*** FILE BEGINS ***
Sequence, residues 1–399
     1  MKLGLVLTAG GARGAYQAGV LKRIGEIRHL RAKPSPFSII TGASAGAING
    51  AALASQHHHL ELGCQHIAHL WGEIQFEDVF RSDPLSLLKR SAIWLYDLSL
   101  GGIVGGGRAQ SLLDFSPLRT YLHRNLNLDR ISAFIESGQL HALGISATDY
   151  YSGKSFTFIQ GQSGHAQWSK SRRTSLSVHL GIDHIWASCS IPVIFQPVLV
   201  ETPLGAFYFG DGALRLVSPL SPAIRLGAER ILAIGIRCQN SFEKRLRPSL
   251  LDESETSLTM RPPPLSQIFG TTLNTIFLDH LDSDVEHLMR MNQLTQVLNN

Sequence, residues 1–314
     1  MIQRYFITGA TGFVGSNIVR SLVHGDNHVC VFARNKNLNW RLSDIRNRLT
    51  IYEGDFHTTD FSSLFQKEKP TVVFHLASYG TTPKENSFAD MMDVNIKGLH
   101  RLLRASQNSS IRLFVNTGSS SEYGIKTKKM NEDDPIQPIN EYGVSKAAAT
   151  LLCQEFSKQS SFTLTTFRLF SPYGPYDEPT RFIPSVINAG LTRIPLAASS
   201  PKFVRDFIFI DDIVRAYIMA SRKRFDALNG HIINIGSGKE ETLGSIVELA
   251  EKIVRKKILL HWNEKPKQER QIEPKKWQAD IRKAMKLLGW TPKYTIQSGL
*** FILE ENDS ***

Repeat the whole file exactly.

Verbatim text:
Sequence, residues 1–399
     1  MKLGLVLTAG GARGAYQAGV LKRIGEIRHL RAKPSPFSII TGASAGAING
    51  AALASQHHHL ELGCQHIAHL WGEIQFEDVF RSDPLSLLKR SAIWLYDLSL
   101  GGIVGGGRAQ SLLDFSPLRT YLHRNLNLDR ISAFIESGQL HALGISATDY
   151  YSGKSFTFIQ GQSGHAQWSK SRRTSLSVHL GIDHIWASCS IPVIFQPVLV
   201  ETPLGAFYFG DGALRLVSPL SPAIRLGAER ILAIGIRCQN SFEKRLRPSL
   251  LDESETSLTM RPPPLSQIFG TTLNTIFLDH LDSDVEHLMR MNQLTQVLNN

Sequence, residues 1–314
     1  MIQRYFITGA TGFVGSNIVR SLVHGDNHVC VFARNKNLNW RLSDIRNRLT
    51  IYEGDFHTTD FSSLFQKEKP TVVFHLASYG TTPKENSFAD MMDVNIKGLH
   101  RLLRASQNSS IRLFVNTGSS SEYGIKTKKM NEDDPIQPIN EYGVSKAAAT
   151  LLCQEFSKQS SFTLTTFRLF SPYGPYDEPT RFIPSVINAG LTRIPLAASS
   201  PKFVRDFIFI DDIVRAYIMA SRKRFDALNG HIINIGSGKE ETLGSIVELA
   251  EKIVRKKILL HWNEKPKQER QIEPKKWQAD IRKAMKLLGW TPKYTIQSGL